6 Life Lessons from DOG Grooming – WOOF!


If you or anyone you know has ever had a dog, this ought to crack you up.  You see, our dog was a mess, bless her heart – and she taught me some lessons this week.  Our black Cocker Spaniel is going on ten years old, and she has always been a wonderful, loving, playful dog. You can guess what age and stage my daughter was in when we got the puppy and named her Jasmine. (Disney Princess anyone?)  Spaniels are known for their beautiful long sleek hair that makes a flowing skirt around their bodies.  However, the reality is unless we keep her in the house and brush her morning and night, that skirt will get um… a little dirty and tangled.  Let’s just say her princess dress is not always so pretty.

2007 101You might not know this, but spaniels are bird dogs.  Behind our home is a vacant lot that birds love to frequent – and so does Jasmine, by way of nose under the fence and bum in the air.  Jasmine likes to run the perimeter and make sure our house is safe from those loud obnoxious birds.  (Poor robins, sparrows and killdeer!) She’d never hurt one, but she lets them know who is boss without barking a word.

In our backyard, we have a big pine tree that was once shorter than the fence but is now taller than our two-story house.  It has shed a few needles over the years, and they aren’t the kind that mend Jasmine’s skirt very well.  Add the grass and weeds and mud, and trust me, it’s no fairy “tail”!  Not only does it not look very nice, it is not a fragrance any princess should wear.

Soooooo…. about twice a year, this poor pup goes through a humiliating ordeal…. called grooming.  No matter how hard we try, she gets matted feet and underarms and ears, and the only solution is to shave her.   I get disgruntled looks from the groomers, but hey, that’s what they get paid for.  We drop off Jasmine looking like a filthy mop and pick her up like a brand new puppy.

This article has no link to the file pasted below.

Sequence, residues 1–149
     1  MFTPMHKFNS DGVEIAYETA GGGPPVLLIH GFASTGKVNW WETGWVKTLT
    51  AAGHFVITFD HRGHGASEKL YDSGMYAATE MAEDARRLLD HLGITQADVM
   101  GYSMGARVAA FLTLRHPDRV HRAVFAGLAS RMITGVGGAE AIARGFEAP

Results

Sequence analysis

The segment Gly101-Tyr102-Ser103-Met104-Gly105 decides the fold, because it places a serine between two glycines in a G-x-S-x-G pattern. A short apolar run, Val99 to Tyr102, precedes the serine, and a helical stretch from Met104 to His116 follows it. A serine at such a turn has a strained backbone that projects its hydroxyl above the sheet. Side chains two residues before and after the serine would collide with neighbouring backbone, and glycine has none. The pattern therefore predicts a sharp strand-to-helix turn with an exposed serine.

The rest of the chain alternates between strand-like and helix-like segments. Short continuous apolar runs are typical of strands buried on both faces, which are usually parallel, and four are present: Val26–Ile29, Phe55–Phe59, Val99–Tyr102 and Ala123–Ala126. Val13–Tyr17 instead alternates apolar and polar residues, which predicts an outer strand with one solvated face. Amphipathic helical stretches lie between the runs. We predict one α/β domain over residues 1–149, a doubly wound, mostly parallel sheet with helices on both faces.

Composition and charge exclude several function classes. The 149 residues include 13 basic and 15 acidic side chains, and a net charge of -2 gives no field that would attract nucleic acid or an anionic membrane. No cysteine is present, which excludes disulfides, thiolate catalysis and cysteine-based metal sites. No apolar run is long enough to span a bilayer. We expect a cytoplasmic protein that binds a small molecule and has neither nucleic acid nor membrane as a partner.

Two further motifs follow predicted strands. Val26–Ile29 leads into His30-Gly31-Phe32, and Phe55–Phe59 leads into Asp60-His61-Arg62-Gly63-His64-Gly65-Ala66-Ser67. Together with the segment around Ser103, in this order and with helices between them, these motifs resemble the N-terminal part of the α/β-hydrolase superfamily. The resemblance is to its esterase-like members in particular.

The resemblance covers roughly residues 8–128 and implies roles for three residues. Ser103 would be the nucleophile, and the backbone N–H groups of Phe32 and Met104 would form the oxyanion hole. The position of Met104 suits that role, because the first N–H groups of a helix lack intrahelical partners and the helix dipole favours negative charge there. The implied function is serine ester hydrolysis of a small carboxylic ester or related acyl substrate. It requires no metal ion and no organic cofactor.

Now, Jasmine has several responses to this routine.  One is, you know she’s horribly embarrassed because she has got to feel naked without all that hair.  On the other hand, it has to feel SO much better to not have that hot and heavy coat with so many mats pulling on her.  Thirdly, she’s probably just relieved to be off that grooming table and away from the lady with the scissors.

The first thing she does when she gets home (well, after running the perimeter!) is roll and rub and scoot in the grass.  What is that awful (clean) smell on her that she must scrape off somehow?!  Then, of course there’s the obligatory once-over from her partner in crime, our Chocolate Lab with the uniquely-spelled name of Cokoa – who has gratefully never set paw in a groomer’s office.  Jasmine no longer has the skirt for protection, so it can get a little awkward, but she knows how to stand her ground.

After a couple of days, though, Jasmine gets used to her new look and starts to feel more like herself again.  (See her Before & After pictures below!) And a couple of months later, her skirt is mended and starting to flow in the breeze as she runs her bird check.  And you can tell that she feels like a happy young pup once again. Then, here comes winter, and we get ready for the whole rigmarole once more – this time with clumps of snow turning her into a poor example of Olaf.